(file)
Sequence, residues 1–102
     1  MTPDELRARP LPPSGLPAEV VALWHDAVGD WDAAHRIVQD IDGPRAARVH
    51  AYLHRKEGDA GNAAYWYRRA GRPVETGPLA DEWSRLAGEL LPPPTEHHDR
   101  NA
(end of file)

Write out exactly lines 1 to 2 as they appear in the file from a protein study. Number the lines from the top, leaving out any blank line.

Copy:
Sequence, residues 1–102
     1  MTPDELRARP LPPSGLPAEV VALWHDAVGD WDAAHRIVQD IDGPRAARVH